The Federal Reserve’s decision to enter the New Year by extending and enlarging its policy of quantitative easing is another step toward “helicopter money”-that is, directly increasing the public’s cash balances by an injection of high-powered money. This could be done by dropping money from helicopters or by having the U.S. Treasury print checks while the Fed printed money. The idea is to use the printing press to stimulate the economy by directly injecting new money into the spending stream without relying on lower interest rates and the financial system.
So far the Fed has resisted the temptation to turn to helicopter money. But in entering its fourth round of quantitative easing (QE4), the Fed will buy $85 billion worth of mortgage backed securities and longer-term Treasuries per month until expected inflation reaches 2.5 percent, or unemployment falls to 6.5 percent. The Fed’s macroeconomic models predict those thresholds won’t be reached until mid-2015.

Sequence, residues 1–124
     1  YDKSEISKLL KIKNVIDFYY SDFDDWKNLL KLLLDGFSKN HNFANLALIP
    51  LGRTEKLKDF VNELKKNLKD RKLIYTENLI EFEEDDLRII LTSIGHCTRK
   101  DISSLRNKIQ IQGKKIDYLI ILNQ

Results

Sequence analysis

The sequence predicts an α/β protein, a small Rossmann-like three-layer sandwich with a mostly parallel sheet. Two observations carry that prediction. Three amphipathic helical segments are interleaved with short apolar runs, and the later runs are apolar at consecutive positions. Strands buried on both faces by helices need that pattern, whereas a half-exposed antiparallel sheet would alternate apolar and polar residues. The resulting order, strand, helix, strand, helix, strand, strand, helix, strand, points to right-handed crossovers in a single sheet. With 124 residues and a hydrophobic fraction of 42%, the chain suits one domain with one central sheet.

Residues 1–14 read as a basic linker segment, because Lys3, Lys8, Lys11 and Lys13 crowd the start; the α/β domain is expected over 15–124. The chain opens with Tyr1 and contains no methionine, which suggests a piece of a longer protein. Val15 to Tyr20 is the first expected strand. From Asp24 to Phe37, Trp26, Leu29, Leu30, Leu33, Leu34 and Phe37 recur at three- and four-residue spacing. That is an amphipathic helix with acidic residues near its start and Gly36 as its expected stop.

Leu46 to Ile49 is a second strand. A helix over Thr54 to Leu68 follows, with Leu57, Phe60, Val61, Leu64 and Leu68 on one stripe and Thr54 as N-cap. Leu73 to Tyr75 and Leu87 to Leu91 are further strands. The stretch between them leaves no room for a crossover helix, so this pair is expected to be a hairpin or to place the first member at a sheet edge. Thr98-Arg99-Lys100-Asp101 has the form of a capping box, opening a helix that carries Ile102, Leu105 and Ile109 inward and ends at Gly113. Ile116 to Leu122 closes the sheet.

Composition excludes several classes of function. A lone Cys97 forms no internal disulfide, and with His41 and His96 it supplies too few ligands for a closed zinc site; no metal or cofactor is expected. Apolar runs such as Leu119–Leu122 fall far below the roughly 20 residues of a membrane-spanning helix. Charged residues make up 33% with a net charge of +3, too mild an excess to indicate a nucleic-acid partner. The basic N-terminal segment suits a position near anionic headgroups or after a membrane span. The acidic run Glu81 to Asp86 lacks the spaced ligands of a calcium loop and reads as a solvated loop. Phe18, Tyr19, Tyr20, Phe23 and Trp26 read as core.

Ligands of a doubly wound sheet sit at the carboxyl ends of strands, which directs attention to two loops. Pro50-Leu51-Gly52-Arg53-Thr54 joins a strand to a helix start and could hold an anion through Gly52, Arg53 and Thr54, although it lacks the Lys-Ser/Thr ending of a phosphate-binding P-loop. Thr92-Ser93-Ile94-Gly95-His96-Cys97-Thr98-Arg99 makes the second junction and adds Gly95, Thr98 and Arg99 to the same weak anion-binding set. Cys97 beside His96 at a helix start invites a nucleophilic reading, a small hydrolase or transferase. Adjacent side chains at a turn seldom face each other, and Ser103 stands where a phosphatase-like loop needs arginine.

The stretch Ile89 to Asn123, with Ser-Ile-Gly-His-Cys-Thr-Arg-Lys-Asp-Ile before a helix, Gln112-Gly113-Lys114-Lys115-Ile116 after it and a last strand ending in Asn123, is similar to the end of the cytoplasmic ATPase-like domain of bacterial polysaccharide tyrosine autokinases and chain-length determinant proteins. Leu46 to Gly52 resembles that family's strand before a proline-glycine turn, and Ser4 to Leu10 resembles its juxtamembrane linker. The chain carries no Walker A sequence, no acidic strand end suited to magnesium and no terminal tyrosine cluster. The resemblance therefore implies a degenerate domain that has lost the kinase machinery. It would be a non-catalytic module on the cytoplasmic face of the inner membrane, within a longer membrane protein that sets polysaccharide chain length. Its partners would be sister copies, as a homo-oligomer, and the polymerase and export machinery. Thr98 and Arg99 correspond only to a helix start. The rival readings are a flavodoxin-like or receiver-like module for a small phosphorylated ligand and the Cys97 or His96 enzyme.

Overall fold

With the end of Operation Twist, the Fed has largely depleted its stock of short-term Treasuries. Under that program, the Fed bought $40 billion worth of longer-term Treasuries per month but sterilized those purchases by selling an equal amount of short-term bills. QE4 will add more than $1 trillion to base money in 2013 because none of the outright purchases of MBS ($40 billion per month) and Treasury securities ($45 billion per month) will be sterilized. Consequently, the Fed’s balance sheet will expand to more than $4 trillion by 2014 from less than $1 trillion prior to the 2008-09 financial crisis.